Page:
(Bloomberg) -- Boris Johnson’s victory in the race to be the U.K.’s next prime minister may do little to spur sterling corporate notes still mired in Brexit uncertainty.

Pound corporate and bank notes were little changed after Johnson was named as leader of the ruling Conservative Party on Tuesday, following a landslide win over rival Jeremy Hunt. He reiterated a pledge to pull the U.K. out of the European Union on Oct. 31 after his widely expected win in a ballot of party members.

“With Boris Johnson, there is a higher likelihood of a hard Brexit, but we’ll have to wait and see -- it’s hard to price that kind of risk,” Paola Binns, a portfolio manager at Royal London Asset Management, said before the results announcement.

Sterling bonds have been a laggard in this year’s global credit rally, partly because of concerns about potential disruptions to U.K. trade following the country’s EU departure, particularly in the event of a disruptive no-deal Brexit. Investors are also worried about a possible general election, which could open the door to nationalizations under a Labour Party government.

“The two main risks the market worries about are a No-Deal Brexit and a general election,” said Chris Jeffery, a strategist in the asset allocation team at Legal & General Investment Management. “The leadership election will not radically change either risk.”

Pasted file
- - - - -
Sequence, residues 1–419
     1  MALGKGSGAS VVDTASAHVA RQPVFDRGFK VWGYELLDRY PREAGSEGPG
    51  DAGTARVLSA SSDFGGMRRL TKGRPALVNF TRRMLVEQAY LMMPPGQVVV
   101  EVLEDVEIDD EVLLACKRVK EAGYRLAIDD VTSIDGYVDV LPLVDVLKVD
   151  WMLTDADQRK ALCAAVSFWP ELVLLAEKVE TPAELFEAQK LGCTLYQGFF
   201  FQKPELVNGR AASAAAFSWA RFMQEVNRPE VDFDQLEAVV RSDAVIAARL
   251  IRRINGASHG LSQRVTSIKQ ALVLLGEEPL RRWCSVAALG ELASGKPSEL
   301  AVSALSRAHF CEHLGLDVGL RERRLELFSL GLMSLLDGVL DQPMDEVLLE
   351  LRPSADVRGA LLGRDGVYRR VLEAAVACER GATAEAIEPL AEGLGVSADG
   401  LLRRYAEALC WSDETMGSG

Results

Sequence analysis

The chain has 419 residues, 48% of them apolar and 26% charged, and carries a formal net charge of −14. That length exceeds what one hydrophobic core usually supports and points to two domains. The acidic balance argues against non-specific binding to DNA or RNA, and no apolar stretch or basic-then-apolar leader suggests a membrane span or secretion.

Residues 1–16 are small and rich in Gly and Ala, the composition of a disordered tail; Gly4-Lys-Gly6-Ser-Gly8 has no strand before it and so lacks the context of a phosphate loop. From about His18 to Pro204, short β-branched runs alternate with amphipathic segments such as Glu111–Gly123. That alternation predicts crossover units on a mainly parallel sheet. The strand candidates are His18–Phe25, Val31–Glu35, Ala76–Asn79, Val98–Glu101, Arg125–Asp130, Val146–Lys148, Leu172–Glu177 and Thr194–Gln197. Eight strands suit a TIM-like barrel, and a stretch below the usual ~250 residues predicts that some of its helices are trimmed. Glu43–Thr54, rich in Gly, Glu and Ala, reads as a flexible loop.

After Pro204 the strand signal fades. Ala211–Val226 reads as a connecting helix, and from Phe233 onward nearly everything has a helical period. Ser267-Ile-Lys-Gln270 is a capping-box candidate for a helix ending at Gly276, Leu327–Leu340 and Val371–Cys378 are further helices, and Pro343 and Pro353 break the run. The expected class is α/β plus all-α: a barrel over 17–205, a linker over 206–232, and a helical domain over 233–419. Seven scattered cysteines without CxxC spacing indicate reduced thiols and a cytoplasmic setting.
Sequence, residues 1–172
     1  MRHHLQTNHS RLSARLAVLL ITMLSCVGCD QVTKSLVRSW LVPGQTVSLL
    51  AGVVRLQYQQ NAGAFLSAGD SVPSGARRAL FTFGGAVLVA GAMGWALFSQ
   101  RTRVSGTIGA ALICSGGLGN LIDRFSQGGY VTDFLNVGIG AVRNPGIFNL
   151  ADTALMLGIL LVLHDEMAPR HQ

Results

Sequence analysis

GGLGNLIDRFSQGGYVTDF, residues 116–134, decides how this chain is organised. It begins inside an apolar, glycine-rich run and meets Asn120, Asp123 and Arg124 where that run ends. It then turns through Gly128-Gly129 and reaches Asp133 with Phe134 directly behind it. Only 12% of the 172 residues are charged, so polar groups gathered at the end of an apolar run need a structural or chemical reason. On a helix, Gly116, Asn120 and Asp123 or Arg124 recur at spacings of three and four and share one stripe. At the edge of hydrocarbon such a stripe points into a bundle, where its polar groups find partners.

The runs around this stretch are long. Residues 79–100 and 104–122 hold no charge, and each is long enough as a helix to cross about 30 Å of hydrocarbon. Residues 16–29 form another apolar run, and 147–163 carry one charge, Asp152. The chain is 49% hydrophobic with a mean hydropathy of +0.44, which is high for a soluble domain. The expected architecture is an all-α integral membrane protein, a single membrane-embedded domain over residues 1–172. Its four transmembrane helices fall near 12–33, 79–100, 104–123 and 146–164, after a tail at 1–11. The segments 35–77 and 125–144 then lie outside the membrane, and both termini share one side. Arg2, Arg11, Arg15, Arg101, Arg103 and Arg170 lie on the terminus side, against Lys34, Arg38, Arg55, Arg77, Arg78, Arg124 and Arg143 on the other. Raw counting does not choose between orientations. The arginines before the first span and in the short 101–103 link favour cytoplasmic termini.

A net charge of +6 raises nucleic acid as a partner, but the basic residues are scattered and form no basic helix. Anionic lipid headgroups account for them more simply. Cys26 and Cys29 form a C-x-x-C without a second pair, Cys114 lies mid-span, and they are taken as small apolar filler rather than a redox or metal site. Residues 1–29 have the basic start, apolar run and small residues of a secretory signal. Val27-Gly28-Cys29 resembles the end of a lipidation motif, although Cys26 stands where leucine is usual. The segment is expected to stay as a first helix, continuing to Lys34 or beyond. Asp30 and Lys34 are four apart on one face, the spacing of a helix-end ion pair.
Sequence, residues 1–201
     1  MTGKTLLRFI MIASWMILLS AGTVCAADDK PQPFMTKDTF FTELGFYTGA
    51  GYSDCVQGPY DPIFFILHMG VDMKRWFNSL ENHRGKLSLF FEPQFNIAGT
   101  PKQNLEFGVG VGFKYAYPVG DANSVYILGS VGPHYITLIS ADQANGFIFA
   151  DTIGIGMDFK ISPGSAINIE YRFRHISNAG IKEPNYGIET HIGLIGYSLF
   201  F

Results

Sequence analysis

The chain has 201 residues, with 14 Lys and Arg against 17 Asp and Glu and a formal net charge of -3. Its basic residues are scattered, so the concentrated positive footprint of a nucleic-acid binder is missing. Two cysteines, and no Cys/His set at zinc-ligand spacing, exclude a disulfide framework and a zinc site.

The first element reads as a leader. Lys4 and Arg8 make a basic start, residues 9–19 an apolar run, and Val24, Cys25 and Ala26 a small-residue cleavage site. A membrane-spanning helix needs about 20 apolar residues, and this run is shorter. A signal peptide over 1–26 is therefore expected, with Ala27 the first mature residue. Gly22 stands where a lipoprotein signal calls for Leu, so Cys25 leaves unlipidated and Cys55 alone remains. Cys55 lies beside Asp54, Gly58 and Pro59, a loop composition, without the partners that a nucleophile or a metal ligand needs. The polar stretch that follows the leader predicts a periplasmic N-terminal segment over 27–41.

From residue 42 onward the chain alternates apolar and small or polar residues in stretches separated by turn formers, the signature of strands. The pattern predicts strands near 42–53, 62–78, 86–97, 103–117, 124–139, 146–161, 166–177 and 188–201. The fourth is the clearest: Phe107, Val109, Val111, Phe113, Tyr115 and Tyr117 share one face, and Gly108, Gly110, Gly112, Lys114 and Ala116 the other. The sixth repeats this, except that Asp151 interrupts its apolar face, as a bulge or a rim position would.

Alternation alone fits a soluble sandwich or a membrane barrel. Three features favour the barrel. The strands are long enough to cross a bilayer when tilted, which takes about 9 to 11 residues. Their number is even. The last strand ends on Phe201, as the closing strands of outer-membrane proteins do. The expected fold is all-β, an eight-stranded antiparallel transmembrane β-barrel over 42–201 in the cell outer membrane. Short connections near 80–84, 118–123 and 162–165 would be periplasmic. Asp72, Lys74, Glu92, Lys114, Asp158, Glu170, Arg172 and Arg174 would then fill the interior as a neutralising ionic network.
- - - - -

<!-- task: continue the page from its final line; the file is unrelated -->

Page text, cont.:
Bonds sold by Heathrow Airport, the largest domestic issuer of sterling corporate notes, barely moved after the Johnson announcement. Long-dated bonds, including U.K. university debt, moved in tandem with small swings in government gilts.

Sterling bond spreads have tightened to 141 basis points on Monday, from a year-to-date high of 181 basis points in January, based on a Bloomberg Barclays index. By contrast, euro spreads have narrowed 58 basis points to 104 basis points and dollar ones are down 46 basis points at 111 basis points.

To contact the reporters on this story: Tasos Vossos in London at tvossos@bloomberg.net;Alice Gledhill in London at agledhill@bloomberg.net

To contact the editors responsible for this story: Hannah Benjamin at hbenjamin1@bloomberg.net, Neil Denslow

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